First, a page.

So if not Opioids, then what?
If you have had a toothache or if I have extracted a tooth for you here at Drewyer Dentistry you may have noticed that I have not sent you home with a prescription for an opioid. Instead I have advised taking a Non-steroidal Anti-Inflammatory, such as Ibuprofen (Advil) and if needed to combine with an Extra Strength Tylenol (Acetaminophen). This advisory of pain medication is usually accompanied by my explanation that research shows this is the best cocktail for tooth related pain.
Here is a broad guideline for treating Dental Pain:
Start with 2 tablets of 200 mg Ibuprofen. If you are not feeling better after 4 hours take 3x 200mg Ibuprofen.
If after 6 hours you are still not feeling better take a combination of 1 Extra Strength Tylenol and 3x 200mg Ibuprofen.
After 6 more hours this recipe can be increased to 1 Extra Strength Tylenol combined with 4x 200 mg Ibuprofen every 6-8 hours.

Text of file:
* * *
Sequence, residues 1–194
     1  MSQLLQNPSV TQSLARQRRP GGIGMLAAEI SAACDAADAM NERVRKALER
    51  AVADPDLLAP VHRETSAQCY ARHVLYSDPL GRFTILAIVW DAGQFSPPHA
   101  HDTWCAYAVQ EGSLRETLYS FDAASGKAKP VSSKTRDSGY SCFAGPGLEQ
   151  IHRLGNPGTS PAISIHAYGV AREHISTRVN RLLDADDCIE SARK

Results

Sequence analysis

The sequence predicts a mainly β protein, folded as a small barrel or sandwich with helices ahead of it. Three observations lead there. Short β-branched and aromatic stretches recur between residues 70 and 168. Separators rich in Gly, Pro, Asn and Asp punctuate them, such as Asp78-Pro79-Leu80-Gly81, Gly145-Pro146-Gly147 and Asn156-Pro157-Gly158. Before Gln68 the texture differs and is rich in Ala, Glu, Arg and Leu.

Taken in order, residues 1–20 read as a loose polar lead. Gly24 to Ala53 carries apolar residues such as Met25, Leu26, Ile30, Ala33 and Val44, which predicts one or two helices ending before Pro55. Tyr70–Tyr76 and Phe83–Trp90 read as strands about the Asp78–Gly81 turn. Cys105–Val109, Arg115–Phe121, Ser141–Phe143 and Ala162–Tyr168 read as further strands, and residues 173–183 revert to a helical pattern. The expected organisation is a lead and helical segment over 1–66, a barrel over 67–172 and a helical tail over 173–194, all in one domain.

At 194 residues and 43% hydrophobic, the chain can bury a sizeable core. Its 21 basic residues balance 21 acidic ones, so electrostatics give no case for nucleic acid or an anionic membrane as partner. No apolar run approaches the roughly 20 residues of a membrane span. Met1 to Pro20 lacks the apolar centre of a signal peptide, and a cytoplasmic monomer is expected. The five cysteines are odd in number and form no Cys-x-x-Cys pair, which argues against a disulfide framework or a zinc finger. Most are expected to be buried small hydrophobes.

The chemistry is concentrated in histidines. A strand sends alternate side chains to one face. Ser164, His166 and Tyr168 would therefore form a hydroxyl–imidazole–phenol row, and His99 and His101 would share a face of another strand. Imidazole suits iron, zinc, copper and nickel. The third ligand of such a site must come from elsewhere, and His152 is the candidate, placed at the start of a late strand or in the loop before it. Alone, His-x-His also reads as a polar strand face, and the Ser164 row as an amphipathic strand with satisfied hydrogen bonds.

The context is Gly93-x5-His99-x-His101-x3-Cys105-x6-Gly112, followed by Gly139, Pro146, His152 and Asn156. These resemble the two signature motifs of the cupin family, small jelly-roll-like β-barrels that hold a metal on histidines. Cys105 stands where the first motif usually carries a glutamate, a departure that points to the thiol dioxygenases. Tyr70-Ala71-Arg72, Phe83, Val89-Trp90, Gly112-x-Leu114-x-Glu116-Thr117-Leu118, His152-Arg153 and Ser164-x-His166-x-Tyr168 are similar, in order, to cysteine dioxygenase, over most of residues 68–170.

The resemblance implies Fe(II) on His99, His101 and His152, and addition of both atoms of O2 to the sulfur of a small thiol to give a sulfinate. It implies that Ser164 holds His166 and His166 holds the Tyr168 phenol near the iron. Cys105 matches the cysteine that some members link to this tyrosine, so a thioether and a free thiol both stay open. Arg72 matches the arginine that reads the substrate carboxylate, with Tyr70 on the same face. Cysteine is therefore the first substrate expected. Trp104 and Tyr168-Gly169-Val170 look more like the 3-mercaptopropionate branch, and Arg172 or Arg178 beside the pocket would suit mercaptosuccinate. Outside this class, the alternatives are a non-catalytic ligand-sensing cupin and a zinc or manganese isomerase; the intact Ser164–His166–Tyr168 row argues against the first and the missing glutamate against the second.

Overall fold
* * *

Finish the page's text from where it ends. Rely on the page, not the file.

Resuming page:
Keep in mind that this is a general guideline for dental pain and that consulting with us is always best. I generally individualize this regimen depending on our patient’s specific needs. Not only does this pain regimen avoid the use of opioid containing pain medications, but it is backed by strong research. A recent New York Times article (4/25 Bakalar, Subscription Publication) reviewed multiple studies of medications that showed “over the counter pain pills are safer and more effective than prescription opioids for controlling the pain following dental procedures.” A Case Western Reserve University study reported that “Opioids are not the most effective way to manage dental pain” and the Journal of the American Dental Association found that a combination of ibuprofen and acetaminophen (Tylenol) provides more effective pain relief. The American Dental Association’s President Joseph P. Crowley has advised “that over-the-counter products are as effective or more effective than opioids to solve acute pain.”